GM, Nissan Beating U.S. Sales Estimates Tempers Inventory AngstBy and
Ford posts narrower February decline than analysts projected
Toyota and Fiat Chrysler drop on down month for Lexus, Jeep
General Motors Co. and Nissan Motor Co. posted U.S. sales gains that beat analysts’ estimates, as surging demand for pickups and sport utility vehicles tempers concerns about swelling inventory on dealer lots.
GM said deliveries climbed 4.2 percent last month, while Nissan reported a 3.7 percent increase and Ford Motor Co.’s sales dropped less than analysts estimated. The companies were buoyed by consumers snapping up Chevrolet Silverado trucks, Nissan Rogue crossovers and Ford Escape SUVs.
Car dealers have started the year overstocked, particularly with slow-selling passenger cars, coming off record annual sales in 2016. Stronger-than-projected demand in February may ease concerns automakers will have to boost profit-sapping discounts or make deeper production cuts to reduce supply entering a seasonally stronger spring selling season.
“This will help the inventory situation,” Jeff Schuster, an analyst with researcher LMC Automotive, said by phone Wednesday. “There’s always an inventory buildup this time of year. I think over the next couple of months, it will work itself out.”
The industry sales pace slowed last month to a seasonally adjusted annualized rate of about 17.6 million light vehicles, from 17.7 million a year earlier, according to Autodata Corp. The result beat analysts’ average estimate of 17.5 million in a Bloomberg News survey.
Fiat Chrysler Automobiles NV, Toyota Motor Corp., Hyundai Motor Co. and Kia Motors Corp. broke from their peers and posted wider sales declines than analysts estimated for last month. Honda Motor Co. said deliveries rose 2.3 percent, in line with estimates.
Shares of GM, Ford and Fiat Chrysler gained Wednesday in New York trading. The 22-member Bloomberg Americas Auto Parts & Equipment Index advanced 1.7 percent.
- Ford car sales tumbled by about a quarter last month, offsetting rising demand for its SUVs, pickups and the Lincoln brand. The company’s total deliveries fell 4 percent.
- Fiat Chrysler’s changeover to a new design for its Compass model dragged on the Jeep SUV brand, which posted a 15 percent drop last month.
- Toyota’s Lexus luxury division sales plunged 21 percent, as every model within the brand’s lineup declined.
- The Nissan Rogue supplanted Honda’s CR-V as the top-selling SUV for the month, with deliveries surging 54 percent.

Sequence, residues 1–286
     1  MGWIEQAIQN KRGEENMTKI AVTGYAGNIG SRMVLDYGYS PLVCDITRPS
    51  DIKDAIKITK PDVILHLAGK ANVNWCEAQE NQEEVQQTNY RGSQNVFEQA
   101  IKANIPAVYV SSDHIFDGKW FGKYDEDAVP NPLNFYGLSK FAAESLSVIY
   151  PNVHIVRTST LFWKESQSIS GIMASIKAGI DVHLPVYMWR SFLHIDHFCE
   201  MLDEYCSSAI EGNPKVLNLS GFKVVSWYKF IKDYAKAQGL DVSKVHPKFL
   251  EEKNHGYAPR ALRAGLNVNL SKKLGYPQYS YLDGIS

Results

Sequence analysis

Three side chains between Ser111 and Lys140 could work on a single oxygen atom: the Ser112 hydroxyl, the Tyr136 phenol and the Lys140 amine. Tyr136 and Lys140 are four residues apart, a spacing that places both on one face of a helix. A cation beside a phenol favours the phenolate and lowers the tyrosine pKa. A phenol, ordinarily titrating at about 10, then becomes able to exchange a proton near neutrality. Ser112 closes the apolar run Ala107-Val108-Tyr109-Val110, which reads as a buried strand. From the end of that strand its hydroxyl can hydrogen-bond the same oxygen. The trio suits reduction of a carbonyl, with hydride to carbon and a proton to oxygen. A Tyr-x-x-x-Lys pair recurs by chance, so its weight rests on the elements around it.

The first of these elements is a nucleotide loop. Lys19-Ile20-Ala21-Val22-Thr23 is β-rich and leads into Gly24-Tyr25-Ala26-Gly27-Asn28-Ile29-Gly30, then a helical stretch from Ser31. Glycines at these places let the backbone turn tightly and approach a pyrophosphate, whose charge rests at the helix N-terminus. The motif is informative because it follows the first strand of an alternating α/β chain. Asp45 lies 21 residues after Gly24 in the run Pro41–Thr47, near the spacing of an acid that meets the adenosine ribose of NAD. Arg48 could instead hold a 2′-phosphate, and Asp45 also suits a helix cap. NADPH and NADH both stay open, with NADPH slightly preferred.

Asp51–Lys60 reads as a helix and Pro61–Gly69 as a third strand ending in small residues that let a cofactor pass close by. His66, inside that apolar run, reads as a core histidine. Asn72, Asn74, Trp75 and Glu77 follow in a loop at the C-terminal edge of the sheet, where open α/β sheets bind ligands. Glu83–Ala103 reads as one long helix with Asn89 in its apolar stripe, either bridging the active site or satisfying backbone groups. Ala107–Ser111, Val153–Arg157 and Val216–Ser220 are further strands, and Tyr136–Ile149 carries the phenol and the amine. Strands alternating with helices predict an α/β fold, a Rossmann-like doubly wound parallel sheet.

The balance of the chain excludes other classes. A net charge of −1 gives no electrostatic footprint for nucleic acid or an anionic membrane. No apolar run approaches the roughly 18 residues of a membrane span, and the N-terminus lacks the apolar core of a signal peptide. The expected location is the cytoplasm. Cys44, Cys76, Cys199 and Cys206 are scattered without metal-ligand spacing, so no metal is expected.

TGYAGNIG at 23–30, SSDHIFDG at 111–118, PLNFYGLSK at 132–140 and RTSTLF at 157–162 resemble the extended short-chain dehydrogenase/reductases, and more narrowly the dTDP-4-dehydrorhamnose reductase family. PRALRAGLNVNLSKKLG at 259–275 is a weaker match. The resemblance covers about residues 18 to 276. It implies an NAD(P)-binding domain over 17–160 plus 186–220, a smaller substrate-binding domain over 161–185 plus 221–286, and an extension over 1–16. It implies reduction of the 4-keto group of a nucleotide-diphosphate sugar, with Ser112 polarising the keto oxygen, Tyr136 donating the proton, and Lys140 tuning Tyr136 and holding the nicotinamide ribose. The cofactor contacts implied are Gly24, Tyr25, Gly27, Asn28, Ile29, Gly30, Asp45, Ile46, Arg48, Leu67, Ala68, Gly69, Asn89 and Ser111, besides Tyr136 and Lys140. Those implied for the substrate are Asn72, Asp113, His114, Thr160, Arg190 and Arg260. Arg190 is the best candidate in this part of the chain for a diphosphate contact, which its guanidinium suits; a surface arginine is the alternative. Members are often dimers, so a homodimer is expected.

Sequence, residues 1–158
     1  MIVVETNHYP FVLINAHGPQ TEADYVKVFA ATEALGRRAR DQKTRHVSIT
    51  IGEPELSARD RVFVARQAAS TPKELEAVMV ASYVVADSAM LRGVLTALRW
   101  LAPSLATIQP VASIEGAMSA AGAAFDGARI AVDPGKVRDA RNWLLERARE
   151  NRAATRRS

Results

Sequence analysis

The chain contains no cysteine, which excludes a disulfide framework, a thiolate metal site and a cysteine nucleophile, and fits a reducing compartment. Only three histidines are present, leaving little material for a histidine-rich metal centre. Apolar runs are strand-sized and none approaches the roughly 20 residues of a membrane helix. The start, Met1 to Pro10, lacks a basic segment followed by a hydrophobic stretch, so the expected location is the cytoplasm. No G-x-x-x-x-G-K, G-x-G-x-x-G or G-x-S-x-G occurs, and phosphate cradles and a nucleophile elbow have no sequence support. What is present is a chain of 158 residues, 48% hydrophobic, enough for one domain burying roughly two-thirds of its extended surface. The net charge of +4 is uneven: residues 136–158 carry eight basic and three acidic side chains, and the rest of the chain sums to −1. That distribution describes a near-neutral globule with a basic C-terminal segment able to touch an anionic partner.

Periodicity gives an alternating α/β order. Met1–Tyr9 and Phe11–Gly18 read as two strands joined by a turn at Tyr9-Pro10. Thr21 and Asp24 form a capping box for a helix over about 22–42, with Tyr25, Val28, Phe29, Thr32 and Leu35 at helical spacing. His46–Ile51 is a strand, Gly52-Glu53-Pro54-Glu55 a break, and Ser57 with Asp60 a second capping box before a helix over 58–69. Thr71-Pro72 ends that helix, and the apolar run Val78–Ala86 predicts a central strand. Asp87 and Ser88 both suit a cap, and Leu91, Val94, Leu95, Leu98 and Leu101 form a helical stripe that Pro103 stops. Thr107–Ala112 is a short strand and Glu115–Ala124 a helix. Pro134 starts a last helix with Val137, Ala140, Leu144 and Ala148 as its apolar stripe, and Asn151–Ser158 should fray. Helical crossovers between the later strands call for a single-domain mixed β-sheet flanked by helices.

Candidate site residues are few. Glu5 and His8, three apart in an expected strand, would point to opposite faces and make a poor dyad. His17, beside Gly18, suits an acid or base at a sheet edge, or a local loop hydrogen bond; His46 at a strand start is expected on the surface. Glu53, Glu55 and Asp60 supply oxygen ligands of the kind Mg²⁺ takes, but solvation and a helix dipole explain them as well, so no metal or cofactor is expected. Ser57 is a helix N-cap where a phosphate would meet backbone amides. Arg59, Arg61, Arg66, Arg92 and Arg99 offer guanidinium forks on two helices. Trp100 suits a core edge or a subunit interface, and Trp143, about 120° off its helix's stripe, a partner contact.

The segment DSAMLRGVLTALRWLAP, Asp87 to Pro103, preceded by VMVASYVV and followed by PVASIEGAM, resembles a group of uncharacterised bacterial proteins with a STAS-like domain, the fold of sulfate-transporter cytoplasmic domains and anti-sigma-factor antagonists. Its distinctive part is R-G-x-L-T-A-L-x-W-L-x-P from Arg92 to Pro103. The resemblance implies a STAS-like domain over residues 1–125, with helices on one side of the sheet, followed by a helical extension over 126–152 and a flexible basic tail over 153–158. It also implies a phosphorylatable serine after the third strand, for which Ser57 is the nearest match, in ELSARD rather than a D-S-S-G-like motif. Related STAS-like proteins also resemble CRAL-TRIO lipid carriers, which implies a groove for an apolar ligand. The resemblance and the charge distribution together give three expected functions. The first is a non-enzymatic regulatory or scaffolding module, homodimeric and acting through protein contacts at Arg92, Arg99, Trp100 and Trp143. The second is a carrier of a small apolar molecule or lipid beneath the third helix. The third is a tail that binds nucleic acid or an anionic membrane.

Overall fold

GM offered big discounts on its full-size trucks last month, helping fuel a 17 percent jump in combined sales of the Chevy Silverado and GMC Sierra models. The largest U.S. automaker spent 26 percent more on incentives for each Chevy Silverado truck than Fiat Chrysler paid per Ram and 85 percent more than Ford allocated for F-Series during the first dozen days of February, according to J.D. Power dealer data obtained by Bloomberg News.
In a statement, GM said internal data showed overall incentive spending was “essentially flat” and that its figures were in “sharp contrast” with J.D. Power estimates.
As GM staged a “Truck Month” promotion in February, Nissan advertised as much as $5,050 off 2017 Altima sedans in some markets. While incentives rose more than $400 per vehicle industrywide last month, SUVs and pickups that tend to sell at higher prices helped lift the average price consumers paid by more than $600, according to TrueCar Inc.’s ALG.
“We have seen a structural shift in consumer buying behavior,” Mark LaNeve, Ford’s U.S. sales chief, said on a conference call. Passenger cars were about 35 percent of industry deliveries last month, compared with more than half in February 2010, he said. “That’s structural and deep.”
Automakers have supplied dealers as though the U.S. market will keep growing following last year’s record 17.55 million cars and light trucks sold. The inventory glut that’s built up early this year also suggests more production cuts are ahead for slumping passenger cars.
GM and Fiat Chrysler have eliminated shifts, laid off employees or scheduled days off early this year at factories assembling models such as the Chevrolet Cruze compact, Dodge Charger muscle car and Buick Lacrosse sedan.
“The automakers are in a tricky spot,” Jessica Caldwell, an analyst at car-shopping site Edmunds.com, said in an email. “Aggressive incentives are already starting to eat into profits and residuals, but it takes discipline to pull back the production reins in what’s still a fairly strong market.”
To continue reading this article you must be a Bloomberg Professional Service Subscriber.
If you believe that you may have received this message in error please let us know.